The dream of vehicles powered by hydrogen fuel cells has been around nearly as long as vehicles themselves, for the theory of fuel cells is straightforward: just set up a chemical reaction between hydrogen and oxygen, then sit back and enjoy lots of free electricity – simples!
So why have we not seen fuel-cell-powered vehicles on our roads in large numbers before now? In short, cost. For starters, unlike most other fuels, hydrogen does not exist in its’ natural state and needs to be produced, usually from oil. Secondly, because it is inherently explosive, it needs very careful handling & storage, both in depots and on-board vehicles. And thirdly, fuel cells themselves tend to be expensive, although this is largely due to their low-volume nature, higher volumes will undoubtedly bring prices down to more realistic levels.
Generally therefore fuel-cell-powered vehicles have tended to be almost one-off technology demonstrators – curiosities of the automotive world.
Until now: Hyundai, not so long ago regarded as an Asian upstart manufacturer of mediocre motors have demonstrated just how far the South Korean company have developed in their comparatively short lifetime by launching the worlds’ first production fuel cell vehicle. And not one which could be produced only in theory, either: you can walk into a Hyundai showroom today and buy, or at least order, a fuel-cell-powered car, without needing to rob a bank to pay for it. The fuel cell Hyundai ix35 is still not cheap, at around £53,000, and even that is with the benefit of the UK Governments £15,000 “HyFive” grant. To put that into perspective, a top-spec diesel ix35 is priced at around £28,000, so there is still a fairly steep price to pay for being a green innovator. Still, the technology has to start somewhere, and we were privileged to grab one of the first UK drives of a hydrogen-powered ix35 recently at Millbrook Proving Ground.
First impressions of the technological marvel, at least once you looked past the prominent graphics adorning the test car just to remind you that it was indeed a fuel cell vehicle, was that it was just like any other ix35 to look at, sit in, and indeed drive.
Externally, the only outward indication – apart from those graphics – was a discreet round hydrogen filling point where the fuel filler would normally be.
Even inside the car all appears absolutely standard. On closer examination, though, the boot floor is a little higher than on the standard car: lifting the floor panel reveals that the reason for this is to accommodate the rather bulky hydrogen tank.
Hyundai reckon that a large part of the extra cost of the fuel-cell ix35 is in fact down to the high cost of the tank, which is designed & manufactured to an extremely high standard to prevent damage and potential hydrogen leakage in an impact. Indeed, the tank is so strong that apparently any impact great enough to damage the tank would be non-survivable anyway.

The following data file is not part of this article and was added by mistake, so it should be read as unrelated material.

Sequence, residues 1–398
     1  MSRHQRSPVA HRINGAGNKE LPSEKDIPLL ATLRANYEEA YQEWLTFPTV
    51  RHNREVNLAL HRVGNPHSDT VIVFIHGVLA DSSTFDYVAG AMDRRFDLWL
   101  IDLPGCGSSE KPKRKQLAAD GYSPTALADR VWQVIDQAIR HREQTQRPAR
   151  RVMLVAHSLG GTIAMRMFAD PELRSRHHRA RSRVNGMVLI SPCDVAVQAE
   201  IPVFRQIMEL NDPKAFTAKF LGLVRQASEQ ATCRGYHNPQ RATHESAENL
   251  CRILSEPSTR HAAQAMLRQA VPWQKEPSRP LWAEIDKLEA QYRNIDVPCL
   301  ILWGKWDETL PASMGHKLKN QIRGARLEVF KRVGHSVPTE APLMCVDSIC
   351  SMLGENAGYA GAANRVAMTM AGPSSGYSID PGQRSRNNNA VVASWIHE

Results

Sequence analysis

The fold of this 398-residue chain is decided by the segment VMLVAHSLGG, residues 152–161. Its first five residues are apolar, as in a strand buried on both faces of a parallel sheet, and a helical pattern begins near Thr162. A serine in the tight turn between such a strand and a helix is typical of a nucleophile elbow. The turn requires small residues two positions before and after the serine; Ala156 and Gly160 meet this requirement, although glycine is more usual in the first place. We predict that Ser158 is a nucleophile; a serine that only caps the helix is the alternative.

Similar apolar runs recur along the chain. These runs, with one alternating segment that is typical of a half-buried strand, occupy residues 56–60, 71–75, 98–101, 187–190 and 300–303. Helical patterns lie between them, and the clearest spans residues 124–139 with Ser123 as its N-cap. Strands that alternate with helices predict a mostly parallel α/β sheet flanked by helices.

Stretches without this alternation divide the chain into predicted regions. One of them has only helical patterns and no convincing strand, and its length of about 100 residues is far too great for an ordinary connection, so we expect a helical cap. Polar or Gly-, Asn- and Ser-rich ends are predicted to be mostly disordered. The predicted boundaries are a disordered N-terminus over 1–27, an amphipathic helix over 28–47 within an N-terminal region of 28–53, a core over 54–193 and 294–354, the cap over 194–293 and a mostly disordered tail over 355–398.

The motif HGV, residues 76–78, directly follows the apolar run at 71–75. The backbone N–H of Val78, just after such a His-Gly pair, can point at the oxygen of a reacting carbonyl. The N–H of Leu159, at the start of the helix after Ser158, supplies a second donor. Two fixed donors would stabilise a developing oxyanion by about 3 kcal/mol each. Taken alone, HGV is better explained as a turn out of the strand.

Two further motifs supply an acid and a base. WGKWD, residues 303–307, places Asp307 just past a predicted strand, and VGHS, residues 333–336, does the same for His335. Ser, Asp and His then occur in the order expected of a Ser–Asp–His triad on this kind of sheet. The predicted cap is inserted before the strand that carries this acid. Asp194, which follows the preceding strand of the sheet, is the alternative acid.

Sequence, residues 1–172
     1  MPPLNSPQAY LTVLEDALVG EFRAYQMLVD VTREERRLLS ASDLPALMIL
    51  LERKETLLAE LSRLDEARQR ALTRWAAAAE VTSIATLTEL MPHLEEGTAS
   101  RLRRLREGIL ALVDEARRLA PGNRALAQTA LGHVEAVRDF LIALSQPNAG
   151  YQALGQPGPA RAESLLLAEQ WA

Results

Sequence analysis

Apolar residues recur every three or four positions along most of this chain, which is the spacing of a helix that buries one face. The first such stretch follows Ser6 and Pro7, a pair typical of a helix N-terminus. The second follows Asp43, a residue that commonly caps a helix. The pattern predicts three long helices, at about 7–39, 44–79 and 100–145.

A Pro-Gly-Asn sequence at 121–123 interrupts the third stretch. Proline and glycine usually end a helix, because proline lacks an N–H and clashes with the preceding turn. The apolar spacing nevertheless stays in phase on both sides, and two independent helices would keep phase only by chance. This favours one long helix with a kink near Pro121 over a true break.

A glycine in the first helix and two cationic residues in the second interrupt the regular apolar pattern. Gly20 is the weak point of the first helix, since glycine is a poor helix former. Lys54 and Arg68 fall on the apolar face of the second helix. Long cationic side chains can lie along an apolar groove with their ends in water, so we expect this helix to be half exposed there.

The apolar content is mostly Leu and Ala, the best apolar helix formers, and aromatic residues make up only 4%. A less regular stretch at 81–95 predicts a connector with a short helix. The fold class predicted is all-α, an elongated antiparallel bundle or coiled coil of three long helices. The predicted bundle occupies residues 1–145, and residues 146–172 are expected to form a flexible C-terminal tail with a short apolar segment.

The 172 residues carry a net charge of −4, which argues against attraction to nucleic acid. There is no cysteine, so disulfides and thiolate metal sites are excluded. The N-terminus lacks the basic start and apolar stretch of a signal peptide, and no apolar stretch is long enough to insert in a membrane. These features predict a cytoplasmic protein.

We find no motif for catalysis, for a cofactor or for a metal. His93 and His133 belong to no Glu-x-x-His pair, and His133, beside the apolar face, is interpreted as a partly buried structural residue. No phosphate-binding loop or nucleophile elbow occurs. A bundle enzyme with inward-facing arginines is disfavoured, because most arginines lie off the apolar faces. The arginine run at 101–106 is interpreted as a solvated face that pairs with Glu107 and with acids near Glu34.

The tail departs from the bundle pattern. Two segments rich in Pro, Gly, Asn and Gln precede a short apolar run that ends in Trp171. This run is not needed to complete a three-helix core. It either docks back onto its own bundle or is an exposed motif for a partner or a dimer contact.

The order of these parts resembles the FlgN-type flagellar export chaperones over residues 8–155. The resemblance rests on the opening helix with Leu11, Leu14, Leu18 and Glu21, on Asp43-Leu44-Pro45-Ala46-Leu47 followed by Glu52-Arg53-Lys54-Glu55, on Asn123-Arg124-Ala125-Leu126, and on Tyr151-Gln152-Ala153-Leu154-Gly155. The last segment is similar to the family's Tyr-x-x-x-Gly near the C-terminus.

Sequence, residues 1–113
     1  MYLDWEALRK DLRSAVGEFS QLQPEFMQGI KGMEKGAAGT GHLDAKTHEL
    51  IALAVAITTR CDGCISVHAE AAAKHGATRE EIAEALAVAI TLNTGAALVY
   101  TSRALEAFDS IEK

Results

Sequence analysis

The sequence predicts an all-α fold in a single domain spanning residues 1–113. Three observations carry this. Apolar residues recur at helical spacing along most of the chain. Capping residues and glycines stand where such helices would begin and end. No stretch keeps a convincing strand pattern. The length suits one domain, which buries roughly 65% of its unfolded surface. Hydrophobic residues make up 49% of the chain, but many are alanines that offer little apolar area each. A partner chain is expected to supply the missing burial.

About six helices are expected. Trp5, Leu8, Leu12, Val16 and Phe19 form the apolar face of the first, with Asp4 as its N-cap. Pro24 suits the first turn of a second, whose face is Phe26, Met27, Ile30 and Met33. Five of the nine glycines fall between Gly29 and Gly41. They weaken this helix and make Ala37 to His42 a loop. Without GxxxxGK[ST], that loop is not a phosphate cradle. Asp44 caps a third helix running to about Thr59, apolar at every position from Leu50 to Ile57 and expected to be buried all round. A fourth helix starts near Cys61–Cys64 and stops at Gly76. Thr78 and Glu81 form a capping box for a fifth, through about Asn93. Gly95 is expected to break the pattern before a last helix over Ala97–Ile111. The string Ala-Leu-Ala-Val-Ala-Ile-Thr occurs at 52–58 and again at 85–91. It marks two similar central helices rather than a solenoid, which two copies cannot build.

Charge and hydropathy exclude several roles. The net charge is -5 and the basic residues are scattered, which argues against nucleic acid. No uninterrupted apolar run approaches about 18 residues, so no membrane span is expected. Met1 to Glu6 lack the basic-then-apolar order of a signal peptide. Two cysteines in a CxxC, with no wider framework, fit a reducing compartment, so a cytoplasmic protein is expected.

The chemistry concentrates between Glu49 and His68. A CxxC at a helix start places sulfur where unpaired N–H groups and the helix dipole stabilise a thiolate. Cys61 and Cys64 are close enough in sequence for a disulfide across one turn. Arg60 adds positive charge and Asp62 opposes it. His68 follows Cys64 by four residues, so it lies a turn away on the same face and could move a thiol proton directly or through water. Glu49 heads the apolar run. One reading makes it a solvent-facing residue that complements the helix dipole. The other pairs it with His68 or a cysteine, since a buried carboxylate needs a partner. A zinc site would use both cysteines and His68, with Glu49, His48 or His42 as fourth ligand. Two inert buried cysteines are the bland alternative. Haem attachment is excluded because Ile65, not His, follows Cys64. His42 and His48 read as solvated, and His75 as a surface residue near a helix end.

Under the bonnet, things don’t look too different either, with the usual large black plastic covers over the oily bits, or not-so-oily-bits in the case of this car. Just a pity Hyundai didn’t spend a few pounds on adding a couple of gas struts to support the incredibly heavy bonnet whilst open. Some people may be surprised to see a radiator in there, although of course even fuel cells generate heat, or rather their associated electrics do.
On the road, the fuel cell ix35 handled much like the standard car. Although it weighs some 400kg more than the equivalent petrol model, a fair bit of the weight is low down, so whilst there was a noticeable amount of body roll on the Millbrooks’ tough hill route, it was not excessive. Performance was acceptable rather than, er, electric, not helped by the fuel cell’s modest 135 horses having to drag around all that extra weight. Again, though, the ix35 has to be seen as the first of what could be many fuel cell powered cars in the years to come. Hyundai are to be congratulated for taking such a brave step in introducing such a groundbreaking vehicle.
Of course, take-up of fuel-cell power depends on the ready availability of hydrogen for refuelling. Here things go a bit awry, for the UK presently has – wait for it – just 15 hydrogen filling stations, with three of those in London. Perversely, one of the filling stations is in the Outer Hebrides: driving there from the South of England could be a bit of a challenge though, as there are presently no hydrogen refuelling points between Sheffield & Aberdeen.
That said, Hyundai claim that the ix35 has a range of 369 miles, far better than any present full electric vehicle, Tesla included, so assuming this range is in fact genuine, range anxiety may not be so much of a problem. And filling the hydrogen tank takes only 3 minutes, unlike the protracted charging times of even the best electric cars. Until the supply of hydrogen becomes more established, fuel costs are a little unclear. At present, however, it is understood that a full tank of hydrogen (5.6 kg) costs around £60, although this should drop to around £36. Sp presently a hydrogen car could cost around 16p per mile to run, around the same as an equivalent petrol motor, with the prospect of this dropping to a more attractive 10p or so.
The number of filling stations will surely increase, although how fast is anybodies guess. Until then, sales of fuel cell ix35’s will inevitably be limited, which is in many ways unfair to Hyundai, who have sunk huge amounts into fuel-cell vehicle development, and deserve to see some return on their colossal, and brave, investment.
Interested? Find out more on Hyundai’s website here: http://www.hyundai.co.uk/about-us/environment/hydrogen-fuel-cell